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Japan, North Korea stumble over abductions
By Richard Hanson

TOKYO - In the cockeyed world of diplomacy with North Korea, the small Japanese Foreign Ministry entourage that returned from a brief visit to Pyongyang achieved quite a lot - or not very much. The issue of Japanese nationals abducted by Pyongyang was dominant.

For one thing, after a year's hiatus in talks to normalize relations between two countries, the two sides actually met from Wednesday through Saturday. The five-member Japanese delegation was headed by Deputy Foreign Minister Hitoshi Tanaka and Mitoji Yabunaka, head of the Foreign Ministry's Asian and Oceanic Affairs Bureau,

This enabled both Japan and North Korea to probe the bilateral ground for the second round of "six-nation" talks later this month on defusing the North Korean nuclear crisis. The six-party talks are scheduled to open in Beijing on February 25 and last several days. In addition to North Korea and South Korea, the talks will involve China, Japan, Russia and the United States.

"The two sides [re]stated their positions on the abduction issue, so we could not produce tangible results," a spokesman for the Japanese Foreign Ministry said after Japanese diplomats returned home Saturday.

The abduction of 13 Japanese nationals by North Korea in the late 1970s and early 1980s is the major stumbling block to improving diplomatic relations. When Japanese Prime Minister Junichiro Koizumi made ahistoric trip to the North in September 2002, North Korean leader Kim Jong-il admitted that government agents abducted the Japanese nationals, eight of whom reportedly died. Five survivors have been allowed to return to Japan, but their relatives, numbering eight, have remained in North Korea.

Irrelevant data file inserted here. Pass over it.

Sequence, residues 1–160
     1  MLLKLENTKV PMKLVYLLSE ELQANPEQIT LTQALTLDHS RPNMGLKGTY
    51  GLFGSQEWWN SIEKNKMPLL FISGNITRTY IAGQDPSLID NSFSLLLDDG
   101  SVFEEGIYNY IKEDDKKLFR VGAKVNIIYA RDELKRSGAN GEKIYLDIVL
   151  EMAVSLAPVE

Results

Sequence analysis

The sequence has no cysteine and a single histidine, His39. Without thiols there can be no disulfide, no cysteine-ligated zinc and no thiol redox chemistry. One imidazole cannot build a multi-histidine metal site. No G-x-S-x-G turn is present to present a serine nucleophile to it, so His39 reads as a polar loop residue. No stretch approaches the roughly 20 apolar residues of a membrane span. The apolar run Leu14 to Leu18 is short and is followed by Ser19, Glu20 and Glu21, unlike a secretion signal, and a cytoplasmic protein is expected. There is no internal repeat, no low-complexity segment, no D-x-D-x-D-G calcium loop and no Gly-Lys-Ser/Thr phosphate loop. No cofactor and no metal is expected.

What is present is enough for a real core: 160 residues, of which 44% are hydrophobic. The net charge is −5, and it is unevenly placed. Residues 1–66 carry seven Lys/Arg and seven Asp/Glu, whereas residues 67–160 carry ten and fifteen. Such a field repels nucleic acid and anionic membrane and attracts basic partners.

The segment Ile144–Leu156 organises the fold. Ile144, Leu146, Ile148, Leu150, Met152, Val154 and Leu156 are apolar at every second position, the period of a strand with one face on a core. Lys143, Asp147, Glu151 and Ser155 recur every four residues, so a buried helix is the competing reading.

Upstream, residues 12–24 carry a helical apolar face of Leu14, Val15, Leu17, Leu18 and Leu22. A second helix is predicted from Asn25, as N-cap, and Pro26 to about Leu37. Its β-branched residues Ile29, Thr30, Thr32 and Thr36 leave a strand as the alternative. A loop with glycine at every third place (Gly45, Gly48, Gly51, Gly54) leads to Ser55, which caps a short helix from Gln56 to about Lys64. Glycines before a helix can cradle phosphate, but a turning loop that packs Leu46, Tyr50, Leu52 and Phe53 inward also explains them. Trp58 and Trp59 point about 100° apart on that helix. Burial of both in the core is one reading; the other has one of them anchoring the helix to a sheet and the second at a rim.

Tanaka and Yabunaka, heads of the delegation, demanded an immediate, unconditional visit to Japan by the eight relatives of five abducted people who returned to Japan, according to the Japanese foreign ministry official who briefed journalists on the visit. Japan also wants to know what exactly happened to those listed as dead.
Abductions overshadow North Korea nukes
This remains a highly emotional subject in Japan, where the revelations over the abductions have overshadowed other issues on the table, such as North Korea's nuclear and missile programs that threaten Japan's security.

Ironically, North Korea's lapse into apparent candor over part of the mystery behind the abductions has wetted the Japan's desire to know more.

"If they were sent off to political prison camps and suffered there the way political prisoners usually have, coming clean on that could be as damaging to Kim Jong-il as his earlier confession that the North had abducted Japanese and some of them were dead," said Bradley K Martin, author of a forthcoming book on North Korea's Kim dynasty.

According to Japanese press reports, Tokyo asked Pyongyang to set up a joint agency to investigate the cases of some 10 other Japanese nationals, most of whom North Korea has admitted abducting and said were dead. There are strong suspicions that many more people abducted from both South Korea and Japan remain hidden, or perhaps literally buried, in the North.